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  • Writer's pictureAndrew Comiskey

Foot Washing: Power to Plead

I will pour out on you a spirit of grace and supplication…

We will look upon the One we have pierced and will mourn as one grieves for an only child…

On that day, I’ll open a fountain to cleanse you from sin and impurity;

on that day, I’ll banish the idols from the land…

On that day, I’ll remove both the prophets and the spirit of impurity from the land…

On that day, every prophet will be ashamed of his prophetic vision.

He will say, “I am not a prophet, I am a farmer.”

When asked about the wounds on his body, he will answer:

“These wounds I was given at the house of my friends’ (Zechariah 12:10-13:6).



God helps the desperate. He sends His Spirit to ours, gently inviting us to Himself. Silent prayer is the earmark of repentance, surrender: it says, wordlessly, I’m sick of my babble-on, desperate for the ‘appalling strangeness of the mercy of God’ (Graham Greene).

 

Sweet. Perhaps these 40 ‘desert’ days will be different. We are desperate. Zechariah was desperate to rebuild the Father’s house, which lay in ruins like ours today.

 

What does rebuilding mean for you? I am praying for the Bride’s renewed ‘yes’ to Her Groom’s longing to cleanse and bind up our adulteries. Only then can we love Him and others with a mercy-freed heart. All serious Christians know our divided hearts and homes. And we know only One who can restore us.

 

Our adulteries make us poor. We can resist that poverty by preening like the Pharisee and praising God for our purity (Lk. 18:9-14). But pride blinds us to how sullied we are, complicit in a host of compromises. We are members, joined together, deeply impacted by the weeds in our churches, our families, the mixtures in our own faith. We are them. Our only way is down.

 

Yes, like Zechariah, we must act. But unless our actions are sourced in prayer, we cannot say our efforts are from God. ‘Unless the Lord builds the house, its builders labor in vain’ (Ps. 127:1). May we linger in His courts, however cluttered, and ask Him for the grace to grovel, the power to admit poverty, to plead, to let our brokenness break any bravado. May we be reduced to Himself.

 

That is the meaning of supplication. In its Hebrew context, ‘grace and supplication’ (Zech. 12:10) are better translated as ‘the grace of supplications’—plural—meaning many pleas (a supplicant is, after all, a beggar). We go from silence to the Psalmist’s cry in a childlike effort to align with His heart. May we tap into His favor that fuels real supplication! I pray also for the rare descent from words to tears to His groanings over a house divided (Rom. 8:26- 27).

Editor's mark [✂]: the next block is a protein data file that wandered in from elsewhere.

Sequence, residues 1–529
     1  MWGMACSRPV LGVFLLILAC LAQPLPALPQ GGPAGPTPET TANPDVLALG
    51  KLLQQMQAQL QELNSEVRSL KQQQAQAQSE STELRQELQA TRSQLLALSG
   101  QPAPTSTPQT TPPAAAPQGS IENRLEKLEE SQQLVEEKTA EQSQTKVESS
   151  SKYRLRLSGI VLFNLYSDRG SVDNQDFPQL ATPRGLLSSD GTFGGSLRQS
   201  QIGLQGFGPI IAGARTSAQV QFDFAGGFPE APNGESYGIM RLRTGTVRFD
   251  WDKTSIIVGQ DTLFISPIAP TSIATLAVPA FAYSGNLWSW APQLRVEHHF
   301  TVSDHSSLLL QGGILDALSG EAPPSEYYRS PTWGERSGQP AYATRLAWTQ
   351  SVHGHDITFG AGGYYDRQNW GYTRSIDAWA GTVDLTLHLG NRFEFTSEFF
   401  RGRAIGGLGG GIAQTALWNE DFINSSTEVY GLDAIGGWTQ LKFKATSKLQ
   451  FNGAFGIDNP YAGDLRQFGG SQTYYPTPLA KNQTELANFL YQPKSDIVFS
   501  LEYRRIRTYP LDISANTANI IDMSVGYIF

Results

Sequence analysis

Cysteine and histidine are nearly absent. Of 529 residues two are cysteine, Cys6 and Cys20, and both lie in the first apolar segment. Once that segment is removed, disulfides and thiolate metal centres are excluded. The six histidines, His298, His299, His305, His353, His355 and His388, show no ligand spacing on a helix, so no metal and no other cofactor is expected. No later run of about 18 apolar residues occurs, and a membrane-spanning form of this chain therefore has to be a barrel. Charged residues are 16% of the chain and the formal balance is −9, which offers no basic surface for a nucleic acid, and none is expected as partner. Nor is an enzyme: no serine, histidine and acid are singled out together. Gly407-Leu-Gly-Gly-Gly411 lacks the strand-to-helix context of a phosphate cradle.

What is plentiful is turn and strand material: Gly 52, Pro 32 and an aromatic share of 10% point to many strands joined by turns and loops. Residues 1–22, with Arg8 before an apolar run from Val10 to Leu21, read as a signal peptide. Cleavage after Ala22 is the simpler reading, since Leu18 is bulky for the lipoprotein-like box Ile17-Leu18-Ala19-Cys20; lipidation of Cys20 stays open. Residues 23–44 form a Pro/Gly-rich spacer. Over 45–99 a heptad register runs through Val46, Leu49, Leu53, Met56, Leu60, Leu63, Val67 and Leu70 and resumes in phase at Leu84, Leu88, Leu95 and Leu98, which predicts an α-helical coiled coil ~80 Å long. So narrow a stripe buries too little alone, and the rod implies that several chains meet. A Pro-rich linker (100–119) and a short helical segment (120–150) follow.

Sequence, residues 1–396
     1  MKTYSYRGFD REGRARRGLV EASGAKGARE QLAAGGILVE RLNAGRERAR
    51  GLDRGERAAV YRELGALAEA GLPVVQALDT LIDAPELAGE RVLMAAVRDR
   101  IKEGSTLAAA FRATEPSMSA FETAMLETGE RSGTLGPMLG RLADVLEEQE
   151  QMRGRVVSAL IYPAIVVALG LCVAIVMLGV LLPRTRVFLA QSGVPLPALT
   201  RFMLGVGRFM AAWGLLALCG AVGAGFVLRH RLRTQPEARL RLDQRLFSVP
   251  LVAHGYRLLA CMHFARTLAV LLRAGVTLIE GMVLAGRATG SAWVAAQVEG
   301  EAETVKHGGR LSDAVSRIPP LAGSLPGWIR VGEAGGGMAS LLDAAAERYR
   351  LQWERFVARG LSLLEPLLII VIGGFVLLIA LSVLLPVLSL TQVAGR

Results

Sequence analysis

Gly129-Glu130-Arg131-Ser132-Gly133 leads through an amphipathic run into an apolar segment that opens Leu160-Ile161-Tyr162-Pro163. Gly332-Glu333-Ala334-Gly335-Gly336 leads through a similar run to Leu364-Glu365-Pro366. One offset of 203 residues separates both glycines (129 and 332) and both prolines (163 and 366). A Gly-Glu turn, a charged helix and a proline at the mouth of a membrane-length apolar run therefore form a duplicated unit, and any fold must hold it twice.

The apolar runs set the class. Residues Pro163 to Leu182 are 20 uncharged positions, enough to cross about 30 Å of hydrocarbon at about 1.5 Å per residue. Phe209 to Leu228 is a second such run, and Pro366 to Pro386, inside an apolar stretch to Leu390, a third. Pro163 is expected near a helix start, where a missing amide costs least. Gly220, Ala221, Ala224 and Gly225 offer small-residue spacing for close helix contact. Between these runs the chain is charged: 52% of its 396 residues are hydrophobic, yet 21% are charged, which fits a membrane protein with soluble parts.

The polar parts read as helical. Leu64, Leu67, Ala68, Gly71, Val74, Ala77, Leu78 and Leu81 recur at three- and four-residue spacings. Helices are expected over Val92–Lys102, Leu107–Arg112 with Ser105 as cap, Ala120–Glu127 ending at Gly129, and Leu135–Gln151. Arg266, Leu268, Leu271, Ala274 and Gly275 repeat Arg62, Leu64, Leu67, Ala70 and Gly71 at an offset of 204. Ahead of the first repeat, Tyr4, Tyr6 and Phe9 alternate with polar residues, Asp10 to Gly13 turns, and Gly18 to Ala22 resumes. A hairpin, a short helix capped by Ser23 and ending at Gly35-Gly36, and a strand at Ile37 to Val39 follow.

‘Do not hold against us the sins of the fathers; may Your mercy come quickly to meet us, for we are in desperate need’ (Ps. 79:8).

 

May the failure of spiritual fathers not wreck us but rather reduce us to the one Father who hears our cries for mercy. Our enemy wants us to get stuck in the sludge and overflow with unhappiness and unbelief to anyone in range. Don’t feed him. He flees when we fall face down before Jesus’ wounded feet; we cry out in desperation for Him to bind away betrayal and hints of despair, bad fruit of the faithful who failed us.  

 

In their poverty, we see ours. We cannot take away their sins, but we can linger with the One who bears ours. He will. We can speak out and surrender our hardening hearts to trusted friends. Maybe we will cycle from mere woundedness to the strength of wisdom.

 

40 days in the desert seems inadequate.  

 

May the living water He gives flow from us to weaker ones who are caught between the world and worldly church. We veterans can lose sight of little ones who love Jesus but have little traction in healing community. Zechariah promises: ‘On that day, the Lord will shield us, so that the feeblest among them will be like David’ (Zech. 12:8).

 

‘May none be lost in the battles surrounding Your House, O God. Good Shepherd of the sheep, preserve the weakest, even through us, the poor; ours is the Kingdom! May we not fail to extend whatever refreshment we receive. Appalling strangeness of mercy, in truth!

 

Reduce us, cut us back but not off. May bitter cold and withering heat draw us deeper into You, O God. You are our Father, made known to us in Jesus. Your Spirit always seeks our lowest ground. We are brought low by the staggering of many. Help us fall in the right direction, before Yourself. May Your mercy come quickly to meet us.’


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